A lot of people think fantasy writers spend our days and nights surrounded by B-list rappers from the 2000s (I see you Chingy!), 16 big-screen TVs playing NFL Red Zone, and Mike Mayock on speed dial (does Twitter have speed dial?). OK, that’s actually how Grey and Donkey Teeth spend their days. But me? I’m a lowly midwestern Vikings fan living in Packers territory running DSL off a bankrupt company. Thanks to the novel piranhavirus that delayed the Titans/Bills game, I’m submitting this article before some of the top quarterbacks have even finished playing. But, I’m not alone in my wishes to be hanging with Luda, have a fiber connection, and a direct line to Dick Butkus (wait, did I say that last part?). Most of the fantasy world is delayed right now due to scoring glitches caused by Tuesday night football. So, let’s huddle up…no, not that close…and take a look at how the quarterbacks are shaping up for the rest of your fantasy football season. 

October 12-18, 2020

Dak Prescott — Where else do we start but the tragedy of Dak Prescott? In April of this year, Dak lost his brother, Jace, to suicide. The Cowboys followed that with a protracted contract battle, where Dak, the face of the franchise, wasn’t given a multi-year contract extension. Playing on the franchise tag for 2020, Prescott started the year on a record-breaking pace for 6,700 yards passing. Then on Sunday afternoon in front of millions of viewers, Dak’s ankle shattered and dislocated. His foot twisted sideways, and the bone nearly protruded from his protective sock. Dak went immediately to the local hospital, where surgeons corrected the compound fracture to stop the bleeding and prevent further infection. Of course, Dak will miss the remainder of the 2020 season, and his status with the Cowboys remains uncertain. Cowboys owner, Jerry Jones, stated publicly that Dak will return to a position of leadership with the team, but some of those words ring hollow when so many other teams would welcome Prescott. The type of injury Dak suffered was indeed severe; more career-altering than potentially career ending. Although he may be able to play next year, he may not be 100% healed, and he may not be on the Cowboys. For dynasty owners who are holding onto Dak, his value is pretty low right now. If there’s an owner willing to trade you a valuable player or draft pick, I recommend taking that. Dak’s true value to fantasy players won’t be known until next year’s training camp. As comparisons, you can look at Teddy Bridgewater or Alex Smith, each of whom lost more than a year of playing time. The Cowboys’ hype team is saying he’ll be back practicing on a normal schedule this winter, but medically, it’s too soon to confirm that. Be cautious with Dak in dynasty formats.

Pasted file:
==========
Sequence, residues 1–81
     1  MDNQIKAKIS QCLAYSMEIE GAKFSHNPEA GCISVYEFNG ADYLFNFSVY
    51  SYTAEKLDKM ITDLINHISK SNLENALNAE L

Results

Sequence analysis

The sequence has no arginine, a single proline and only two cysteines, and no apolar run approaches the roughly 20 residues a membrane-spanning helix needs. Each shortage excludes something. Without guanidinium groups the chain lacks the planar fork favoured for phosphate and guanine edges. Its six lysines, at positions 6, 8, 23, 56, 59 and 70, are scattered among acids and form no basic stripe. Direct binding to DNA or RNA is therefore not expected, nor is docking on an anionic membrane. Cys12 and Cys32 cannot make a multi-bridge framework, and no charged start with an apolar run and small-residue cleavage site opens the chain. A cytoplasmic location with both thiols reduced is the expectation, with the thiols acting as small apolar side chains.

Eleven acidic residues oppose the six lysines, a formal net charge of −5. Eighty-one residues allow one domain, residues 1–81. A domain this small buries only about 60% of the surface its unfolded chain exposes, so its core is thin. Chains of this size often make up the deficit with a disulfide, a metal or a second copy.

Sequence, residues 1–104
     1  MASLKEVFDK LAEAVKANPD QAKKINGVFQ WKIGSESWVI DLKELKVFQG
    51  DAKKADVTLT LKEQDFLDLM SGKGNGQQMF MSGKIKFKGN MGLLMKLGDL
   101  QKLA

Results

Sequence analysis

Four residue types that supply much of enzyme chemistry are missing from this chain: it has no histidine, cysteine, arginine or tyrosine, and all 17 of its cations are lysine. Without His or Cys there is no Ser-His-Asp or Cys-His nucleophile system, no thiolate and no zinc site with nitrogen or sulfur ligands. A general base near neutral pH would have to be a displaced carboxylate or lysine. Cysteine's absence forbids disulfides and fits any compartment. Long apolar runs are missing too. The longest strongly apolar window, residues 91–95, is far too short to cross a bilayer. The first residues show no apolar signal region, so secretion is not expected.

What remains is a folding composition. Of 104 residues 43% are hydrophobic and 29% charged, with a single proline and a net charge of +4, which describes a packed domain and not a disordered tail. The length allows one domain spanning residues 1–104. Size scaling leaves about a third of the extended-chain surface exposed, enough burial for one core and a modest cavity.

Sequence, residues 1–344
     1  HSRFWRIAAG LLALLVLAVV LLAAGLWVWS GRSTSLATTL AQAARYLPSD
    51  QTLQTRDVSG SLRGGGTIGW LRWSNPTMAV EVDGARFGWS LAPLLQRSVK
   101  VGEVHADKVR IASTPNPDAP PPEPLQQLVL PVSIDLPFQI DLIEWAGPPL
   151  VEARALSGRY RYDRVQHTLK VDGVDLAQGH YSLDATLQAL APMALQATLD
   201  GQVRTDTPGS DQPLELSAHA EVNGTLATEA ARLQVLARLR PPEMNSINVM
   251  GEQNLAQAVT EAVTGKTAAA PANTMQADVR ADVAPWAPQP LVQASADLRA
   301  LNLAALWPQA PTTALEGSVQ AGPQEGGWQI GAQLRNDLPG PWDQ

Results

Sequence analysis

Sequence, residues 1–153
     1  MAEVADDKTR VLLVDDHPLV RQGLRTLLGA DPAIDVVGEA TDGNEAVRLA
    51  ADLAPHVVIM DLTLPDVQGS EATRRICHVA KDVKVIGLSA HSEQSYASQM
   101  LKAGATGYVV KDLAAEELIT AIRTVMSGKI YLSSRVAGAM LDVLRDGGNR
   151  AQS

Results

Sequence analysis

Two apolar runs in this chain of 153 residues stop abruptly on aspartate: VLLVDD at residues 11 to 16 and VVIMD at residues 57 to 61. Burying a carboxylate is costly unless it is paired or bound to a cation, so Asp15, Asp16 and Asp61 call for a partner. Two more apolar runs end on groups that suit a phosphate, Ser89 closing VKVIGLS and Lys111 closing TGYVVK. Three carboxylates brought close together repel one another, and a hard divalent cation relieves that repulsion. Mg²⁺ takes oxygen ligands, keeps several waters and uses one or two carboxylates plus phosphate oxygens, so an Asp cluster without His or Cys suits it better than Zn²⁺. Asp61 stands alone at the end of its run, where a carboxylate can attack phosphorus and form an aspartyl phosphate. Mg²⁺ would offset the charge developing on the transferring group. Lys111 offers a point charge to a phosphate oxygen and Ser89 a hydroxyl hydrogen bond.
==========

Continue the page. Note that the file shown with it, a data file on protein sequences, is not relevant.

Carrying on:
Andy Dalton — Dalton replaces Prescott as the Cowboys’ signal caller for the rest of the year. Dalton is a three-time Pro Bowler from his tenure with the Cincinnati Bengals, and he was more than capable of taking a full-time starter job in the league with just about any team. The 32-year old Dalton’s career numbers are dulled by his last three years in a crashing Bengals’ system that couldn’t find an effective second WR to pair alongside A.J. Green. In 2019, rookie head coach Zac Taylor crashed the team and benched Dalton for a time on his way to a 2-14 record, a move which allowed the Bengals to draft Joe Burrow. With the Cowboys, Dalton takes over a wonderful offense led by Mike McCarthy that is stocked with receivers and a defense that couldn’t stop Jell-O. Dalton is a must roster in all formats, although it remains to be seen whether he should be an every week starter in 12-team leagues. Regardless, Dalton comes into the QB position with the best offensive situation that a fantasy owner could ask for. If you’re a dynasty manager, Dalton is worth a shot, but you might want to look below at some less-rostered QBs with big upside.